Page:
At long last, find your mini-guide to mandatory Brussels eats below. Before we begin, I will confess to the grave sin of not having tried a lot of Belgian beer due in part to dietary restrictions and in part to my general dislike of beer. So, while I can’t speak to it personally, I’d say you should probably try the beer, too. Perhaps with your frites.
First and foremost, before you even drop off your bag, have a waffle…or ten. I guarantee you that you haven’t really tasted a true waffle until you’ve had one in Belgium. Before you run off on your waffle quest, allow me to impart some waffle wisdom. Did you know that there are, in fact, two types of waffle? Yeah, me neither. You have the Brussels waffle, a larger rectangular waffle with deep holes, made of lighter batter and the Liege waffle, a round-ish waffle, made of thicker batter mixed with pearl sugar to achieve a caramelized texture. The Brussels waffle is more plain and requires a topping for a complete waffle experience, whereas the Liege waffle can act as a standalone dessert, no toppings necessary. But where’s the fun in that? Every waffle shop in Brussels offers more toppings than the eye can see, so go forth and explore! I would recommend a classic strawberry-banana-whipped cream combination. And remember: ask for the Belgian hot chocolate, NOT Nutella. Trust me, my fellow Americans, the hot chocolate is superior. But if you really can’t betray your heritage, why not have two waffles and compare the taste? 😉 In terms of cost, I’ve found it to be similar across all waffle-serving establishments, starting at 2€ for a plain waffle and going up as high as 10€ for a truly sophisticated, multi-topping experience.
Where I went: Los Churros & Waffle around the corner from the Grand Place, Le Funambule next to the infamous Manneken Pis, and Gaufre de Bruxelles.
You don’t like seafood? I don’t want to hear it, you have to try the mussels at least once. I’d strongly advise that you bring a friend because they are served in a huge bucket, and I struggled to finish my serving alone. In Brussels, they normally come with the Belgian fries, but make sure that the frites are included in the price because it adds up quickly. Looking around the tourist-y area, I found that a plate of moules can cost around 20-27€. Most establishments offer a range of sauce options, and nearly every respectable seafood restaurant offers a special sauce fait à la maison. Head to the Marché aux Poissons by foot or via the 1 / 5 metro line stopping at Sainte Catherine for an entire street lined with seafood establishments ranging from an outdoor shack Noordze to fancier alternatives.
Where I went: La Boussole located at the Marché aux Poissons. Moules and frites come out to 22€ and come with a serving of warm bread, butter, and olives.
While we’re still discussing savory options – don’t forget to try the famous Belgian fries, or frites. They’re thicker than the traditional French fries we’re used to, and they generally come with a serious helping of sauces. You can find them in pretty much any restaurant as a side dish, but if you’re looking to indulge exclusively in frites, I’d recommend Fritland next to the Bourse. They serve plain frites and offer a variety of sauces for an additional 80 eurocents. Unfortunately, I was so excited to try them that I ended up with a blurry, unpublishable photo and a burned palate.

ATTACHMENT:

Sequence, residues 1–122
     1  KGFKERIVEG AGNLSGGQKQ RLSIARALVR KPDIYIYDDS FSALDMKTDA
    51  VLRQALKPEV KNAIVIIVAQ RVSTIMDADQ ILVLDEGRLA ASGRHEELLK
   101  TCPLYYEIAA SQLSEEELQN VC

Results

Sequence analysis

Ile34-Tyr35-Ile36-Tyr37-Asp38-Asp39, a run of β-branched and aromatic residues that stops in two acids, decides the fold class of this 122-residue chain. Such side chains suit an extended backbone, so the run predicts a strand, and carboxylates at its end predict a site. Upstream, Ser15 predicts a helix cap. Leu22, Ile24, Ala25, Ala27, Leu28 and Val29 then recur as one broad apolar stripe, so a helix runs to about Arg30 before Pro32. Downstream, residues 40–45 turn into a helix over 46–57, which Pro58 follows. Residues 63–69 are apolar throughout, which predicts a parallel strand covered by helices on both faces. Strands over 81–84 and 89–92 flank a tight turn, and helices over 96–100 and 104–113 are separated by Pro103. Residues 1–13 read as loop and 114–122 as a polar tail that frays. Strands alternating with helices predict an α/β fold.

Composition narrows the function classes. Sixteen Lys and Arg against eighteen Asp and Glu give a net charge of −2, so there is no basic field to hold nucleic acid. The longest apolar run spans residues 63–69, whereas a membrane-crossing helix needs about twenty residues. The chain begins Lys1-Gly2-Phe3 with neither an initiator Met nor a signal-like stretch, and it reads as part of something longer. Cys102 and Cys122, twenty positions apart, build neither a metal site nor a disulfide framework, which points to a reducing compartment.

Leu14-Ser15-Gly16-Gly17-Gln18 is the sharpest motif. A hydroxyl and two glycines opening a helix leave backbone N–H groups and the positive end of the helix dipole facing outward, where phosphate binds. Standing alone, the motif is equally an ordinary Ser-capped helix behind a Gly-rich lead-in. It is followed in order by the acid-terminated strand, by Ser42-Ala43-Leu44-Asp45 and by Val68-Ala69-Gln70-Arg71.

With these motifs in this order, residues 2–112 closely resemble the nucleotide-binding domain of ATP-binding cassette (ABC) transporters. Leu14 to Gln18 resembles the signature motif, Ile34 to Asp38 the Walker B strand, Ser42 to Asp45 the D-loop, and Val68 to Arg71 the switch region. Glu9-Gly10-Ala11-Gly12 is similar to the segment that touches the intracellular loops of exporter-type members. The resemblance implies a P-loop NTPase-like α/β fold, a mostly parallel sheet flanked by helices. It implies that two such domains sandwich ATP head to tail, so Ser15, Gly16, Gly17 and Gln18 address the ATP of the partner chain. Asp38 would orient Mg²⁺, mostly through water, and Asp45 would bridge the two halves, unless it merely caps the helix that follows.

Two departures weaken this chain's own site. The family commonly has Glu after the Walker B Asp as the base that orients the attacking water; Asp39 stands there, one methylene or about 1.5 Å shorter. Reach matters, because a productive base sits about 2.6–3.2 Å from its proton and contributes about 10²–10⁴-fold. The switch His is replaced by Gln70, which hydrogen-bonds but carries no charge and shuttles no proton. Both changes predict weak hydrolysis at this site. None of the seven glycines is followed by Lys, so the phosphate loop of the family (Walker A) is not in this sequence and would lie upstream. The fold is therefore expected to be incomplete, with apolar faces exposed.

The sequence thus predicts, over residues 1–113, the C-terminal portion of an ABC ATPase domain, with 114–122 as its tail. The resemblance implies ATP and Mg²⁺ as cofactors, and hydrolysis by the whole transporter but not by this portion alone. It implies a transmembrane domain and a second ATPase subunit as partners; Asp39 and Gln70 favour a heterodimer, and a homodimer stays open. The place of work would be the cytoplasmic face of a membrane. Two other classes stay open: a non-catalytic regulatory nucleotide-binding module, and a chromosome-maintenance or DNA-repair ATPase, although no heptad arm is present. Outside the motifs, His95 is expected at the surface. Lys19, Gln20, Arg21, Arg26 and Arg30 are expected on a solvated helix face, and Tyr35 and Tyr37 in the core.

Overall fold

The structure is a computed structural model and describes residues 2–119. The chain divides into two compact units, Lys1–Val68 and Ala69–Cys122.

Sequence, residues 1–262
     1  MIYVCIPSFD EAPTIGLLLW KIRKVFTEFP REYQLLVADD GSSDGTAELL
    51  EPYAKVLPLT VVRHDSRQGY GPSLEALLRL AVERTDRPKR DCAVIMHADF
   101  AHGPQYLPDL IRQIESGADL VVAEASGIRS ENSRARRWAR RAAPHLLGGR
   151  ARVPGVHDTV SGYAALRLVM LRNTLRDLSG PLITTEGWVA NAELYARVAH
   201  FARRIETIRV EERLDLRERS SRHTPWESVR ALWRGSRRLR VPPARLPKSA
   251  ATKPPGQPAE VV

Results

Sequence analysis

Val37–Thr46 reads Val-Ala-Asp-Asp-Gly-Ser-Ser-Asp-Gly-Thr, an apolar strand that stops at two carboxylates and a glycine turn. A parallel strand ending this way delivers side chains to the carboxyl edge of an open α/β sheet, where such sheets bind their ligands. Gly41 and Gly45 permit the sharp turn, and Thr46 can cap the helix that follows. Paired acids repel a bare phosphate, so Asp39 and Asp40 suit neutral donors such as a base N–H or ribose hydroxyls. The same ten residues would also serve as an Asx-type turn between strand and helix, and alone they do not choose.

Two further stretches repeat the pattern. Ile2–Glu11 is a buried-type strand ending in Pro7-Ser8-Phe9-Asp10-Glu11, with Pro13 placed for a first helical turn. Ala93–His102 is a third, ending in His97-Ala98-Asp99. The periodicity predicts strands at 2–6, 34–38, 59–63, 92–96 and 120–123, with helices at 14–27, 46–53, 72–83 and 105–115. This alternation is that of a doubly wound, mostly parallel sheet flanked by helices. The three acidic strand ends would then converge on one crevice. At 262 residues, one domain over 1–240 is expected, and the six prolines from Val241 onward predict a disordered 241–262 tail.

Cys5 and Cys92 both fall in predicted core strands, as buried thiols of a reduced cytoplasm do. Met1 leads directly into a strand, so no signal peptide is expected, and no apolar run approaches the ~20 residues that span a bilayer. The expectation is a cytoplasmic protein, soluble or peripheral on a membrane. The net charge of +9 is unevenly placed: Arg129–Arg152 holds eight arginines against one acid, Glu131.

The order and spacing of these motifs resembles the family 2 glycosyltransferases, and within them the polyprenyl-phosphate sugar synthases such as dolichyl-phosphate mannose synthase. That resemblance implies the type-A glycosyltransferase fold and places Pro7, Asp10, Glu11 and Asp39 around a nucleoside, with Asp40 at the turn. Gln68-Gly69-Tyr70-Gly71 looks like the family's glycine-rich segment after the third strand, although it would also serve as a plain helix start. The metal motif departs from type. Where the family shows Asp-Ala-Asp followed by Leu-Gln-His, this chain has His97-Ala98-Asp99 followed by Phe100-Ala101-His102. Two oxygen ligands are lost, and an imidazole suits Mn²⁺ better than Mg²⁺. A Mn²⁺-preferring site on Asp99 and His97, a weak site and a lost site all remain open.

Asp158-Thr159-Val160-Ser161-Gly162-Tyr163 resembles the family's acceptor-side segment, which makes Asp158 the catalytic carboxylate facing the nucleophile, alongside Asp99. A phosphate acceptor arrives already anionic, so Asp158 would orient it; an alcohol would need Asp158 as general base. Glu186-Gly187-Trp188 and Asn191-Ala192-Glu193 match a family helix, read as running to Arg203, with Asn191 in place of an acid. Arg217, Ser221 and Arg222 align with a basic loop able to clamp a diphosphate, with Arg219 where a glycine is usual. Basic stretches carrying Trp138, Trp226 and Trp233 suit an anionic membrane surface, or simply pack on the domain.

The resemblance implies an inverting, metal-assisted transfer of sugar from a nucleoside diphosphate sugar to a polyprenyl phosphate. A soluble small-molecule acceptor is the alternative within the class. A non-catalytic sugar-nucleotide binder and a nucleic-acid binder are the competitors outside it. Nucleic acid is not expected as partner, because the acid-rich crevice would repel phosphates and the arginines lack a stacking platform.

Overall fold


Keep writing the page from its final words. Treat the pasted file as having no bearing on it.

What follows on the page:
Chocolate, chocolate, chocolate
So you’ve got your ticket to Belgium booked, but you don’t really like chocolate? I’d suggest considering another destination. CHOCOLATE IS EVERYWHERE. The streets smell of chocolate. It’s heavenly. To be honest, I myself am not technically supposed to eat chocolate as it tends to exacerbate my digestive struggles, but, quite frankly, I’m in Belgium and I don’t care. [As a side note: I am feeling surprisingly okay so far, so maybe the miraculous Belgian chocolate cured me of my illness?]. Your first assignment is to get yourself a cup of Belgian hot chocolate, which has nothing whatsoever in common with the national tragedy of cocoa powder dissolved in hot water that we in America call hot chocolate. Belgian hot chocolate is prepared by dipping a chunk of high quality chocolate–dark, milk, flavored, you name it–in steamed milk. I would recommend a visit to the Comptoir Mathilde. There, you will find a wide selection of chocolate flavors, which, for 3,50€ of your hard-earned money, you can turn into a steaming cup of magic. Trust me, it’s good. There are many, many things I’d give up if I could drink authentic Belgian hot chocolate until I die with no adverse effects on my health. I was also recommended the Frederic Blandeel chocolate shop located at the Marché aux Poissons, but unfortunately it was closed on Tuesday, so I didn’t get a chance to sample their chocolate goodness. Aside from hot chocolate, you will also find an abundance of chocolate treats of all shapes and sizes all over Brussels. If you buy one souvenir during your visit, let it be chocolate.
Where I went: Comptoir Mathilde located behind the Bourse and across from the Saint Nicholas Church, La Belgique Gourmande in the Galeries Saint-Hubert.
Happy eating, friends! If you’d like to share any other Brussels food recommendations, comment below!